Wayne: Can you talk about your work process for the Pronek Guide? For instance, did you identify passages that you wanted to illustrate, or did you take the mood from the novel and work from that vantage instead?
Velibor: No passages were identified before the photographs were taken; there were no pre-set guidelines or targets. All the photographs were taken while we (Aleksandar and myself) were walking around Chicago. We simply stepped into the space that defined Nowhere Man—we lived in that space, and all along I was taking pictures. I know where Nowhere Man comes from, and it is that understanding between us that made it easy to work together. The process didn’t require any “screenplay.” It was a dialogue between the photographs and the book mood, between the photographer and the writer; there was no requirement for the photographs to be descriptive. The passages and photographs were matched together only afterwards. Talking about it now makes me sad that we never got to complete the project, it was suppose to be an interactive guide, requiring the viewer / reader to participate.
Wayne: Can you talk about your photographic influences? Which photographers do you admire? In particular, are there any European photographers that might be unfamiliar to many Americans?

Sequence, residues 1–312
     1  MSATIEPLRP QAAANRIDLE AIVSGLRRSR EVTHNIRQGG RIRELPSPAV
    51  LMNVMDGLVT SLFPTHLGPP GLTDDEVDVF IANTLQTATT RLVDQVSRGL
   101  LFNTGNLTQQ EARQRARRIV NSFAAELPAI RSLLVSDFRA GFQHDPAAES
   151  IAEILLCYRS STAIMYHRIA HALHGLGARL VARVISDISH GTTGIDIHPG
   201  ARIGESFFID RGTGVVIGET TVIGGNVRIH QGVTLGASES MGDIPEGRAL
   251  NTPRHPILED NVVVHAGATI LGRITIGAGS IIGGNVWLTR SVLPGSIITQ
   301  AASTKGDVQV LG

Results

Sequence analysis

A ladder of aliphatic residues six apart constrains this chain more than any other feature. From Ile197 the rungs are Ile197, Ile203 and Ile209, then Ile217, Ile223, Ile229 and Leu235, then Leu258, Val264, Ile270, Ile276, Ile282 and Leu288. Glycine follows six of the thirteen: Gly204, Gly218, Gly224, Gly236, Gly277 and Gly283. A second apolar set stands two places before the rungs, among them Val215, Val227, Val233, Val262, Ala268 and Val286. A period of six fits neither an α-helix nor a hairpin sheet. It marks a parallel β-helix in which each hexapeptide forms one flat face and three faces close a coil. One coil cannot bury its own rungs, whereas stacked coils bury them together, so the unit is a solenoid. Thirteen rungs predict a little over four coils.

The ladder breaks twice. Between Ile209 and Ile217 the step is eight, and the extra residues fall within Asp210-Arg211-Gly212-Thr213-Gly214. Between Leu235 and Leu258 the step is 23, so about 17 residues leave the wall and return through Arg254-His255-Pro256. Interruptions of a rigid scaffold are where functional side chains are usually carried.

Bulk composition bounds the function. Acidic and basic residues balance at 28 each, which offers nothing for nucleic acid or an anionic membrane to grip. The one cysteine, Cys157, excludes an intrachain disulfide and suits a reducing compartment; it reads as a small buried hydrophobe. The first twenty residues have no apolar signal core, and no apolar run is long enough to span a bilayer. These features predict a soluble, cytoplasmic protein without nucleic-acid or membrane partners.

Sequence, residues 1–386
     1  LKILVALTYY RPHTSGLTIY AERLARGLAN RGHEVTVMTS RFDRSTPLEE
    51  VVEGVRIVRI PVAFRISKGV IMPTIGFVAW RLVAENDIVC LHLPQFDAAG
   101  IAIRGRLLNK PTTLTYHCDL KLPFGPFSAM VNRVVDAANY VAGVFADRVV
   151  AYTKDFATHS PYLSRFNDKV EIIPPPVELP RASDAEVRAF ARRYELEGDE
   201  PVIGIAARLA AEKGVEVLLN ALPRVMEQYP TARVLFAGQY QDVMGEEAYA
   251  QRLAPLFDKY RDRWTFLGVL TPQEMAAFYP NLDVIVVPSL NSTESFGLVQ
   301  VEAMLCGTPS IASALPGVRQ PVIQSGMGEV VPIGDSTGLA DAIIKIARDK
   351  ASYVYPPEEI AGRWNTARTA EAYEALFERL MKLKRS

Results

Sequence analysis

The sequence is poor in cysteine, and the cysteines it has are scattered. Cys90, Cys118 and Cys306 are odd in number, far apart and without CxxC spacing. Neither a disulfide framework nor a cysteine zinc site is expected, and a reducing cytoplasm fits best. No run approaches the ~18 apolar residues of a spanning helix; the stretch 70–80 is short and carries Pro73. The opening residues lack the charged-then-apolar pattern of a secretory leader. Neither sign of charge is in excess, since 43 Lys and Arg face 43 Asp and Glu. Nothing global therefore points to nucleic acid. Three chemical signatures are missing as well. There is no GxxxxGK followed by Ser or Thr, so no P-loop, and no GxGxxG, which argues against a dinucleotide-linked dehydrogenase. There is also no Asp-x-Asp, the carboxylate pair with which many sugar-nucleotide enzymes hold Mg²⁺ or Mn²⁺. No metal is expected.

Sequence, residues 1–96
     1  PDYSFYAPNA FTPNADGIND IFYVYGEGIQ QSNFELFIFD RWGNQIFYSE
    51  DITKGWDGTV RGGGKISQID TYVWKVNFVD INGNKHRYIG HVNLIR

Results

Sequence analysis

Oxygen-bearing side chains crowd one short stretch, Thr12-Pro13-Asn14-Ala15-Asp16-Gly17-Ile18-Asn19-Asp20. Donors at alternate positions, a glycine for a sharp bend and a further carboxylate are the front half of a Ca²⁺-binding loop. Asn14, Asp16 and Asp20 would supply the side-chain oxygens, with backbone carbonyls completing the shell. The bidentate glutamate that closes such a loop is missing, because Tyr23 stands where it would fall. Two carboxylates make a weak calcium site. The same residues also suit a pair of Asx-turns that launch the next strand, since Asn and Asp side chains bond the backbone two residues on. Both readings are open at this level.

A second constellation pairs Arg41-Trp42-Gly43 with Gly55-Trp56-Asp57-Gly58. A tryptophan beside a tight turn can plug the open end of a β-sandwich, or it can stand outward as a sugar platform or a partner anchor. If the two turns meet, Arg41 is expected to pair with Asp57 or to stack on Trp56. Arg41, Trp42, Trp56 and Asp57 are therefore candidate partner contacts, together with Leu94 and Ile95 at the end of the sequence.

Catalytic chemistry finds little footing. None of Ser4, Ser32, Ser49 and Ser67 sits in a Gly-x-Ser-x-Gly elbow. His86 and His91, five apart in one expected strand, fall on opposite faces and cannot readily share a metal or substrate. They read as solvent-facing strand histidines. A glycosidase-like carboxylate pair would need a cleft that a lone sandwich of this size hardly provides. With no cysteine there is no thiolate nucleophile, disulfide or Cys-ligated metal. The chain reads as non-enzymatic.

Velibor: There are so many it is really very hard to isolate a few. I admire all photographers for what they are trying to do, for making the art out of everyday reality, for stimulating us to imagine while looking at the ordinary.
But, should I need to mention some names, the first that come to mind is Richard Copeland Miller, who I believe was American. Sadly, he died prematurely, and there is not much trace [of him] anymore. When I was starting I saw his photographs from Passage: Europe, and it opened up a whole new world for me. It’s a coincidence that this work came out as I was starting out, and it really made me believe in photography.
There are so many great photographers in Europe at the moment. One that I’ll mention is Klavdij Sluban [see also the gallery from Sluban’s Aftermath], French, whose work I’m very, very fond of. Also, young Bosnian photographer Zijah Gafic, who created the beautiful story “The Last Bosnian Village”when he was only 20, and went on to photograph all over the world. But then there are hundreds of great photographers, who am I to pick? It is rather subjective. I live in North America too and I know nothing more about European photography today than anybody else interested in photography on this continent.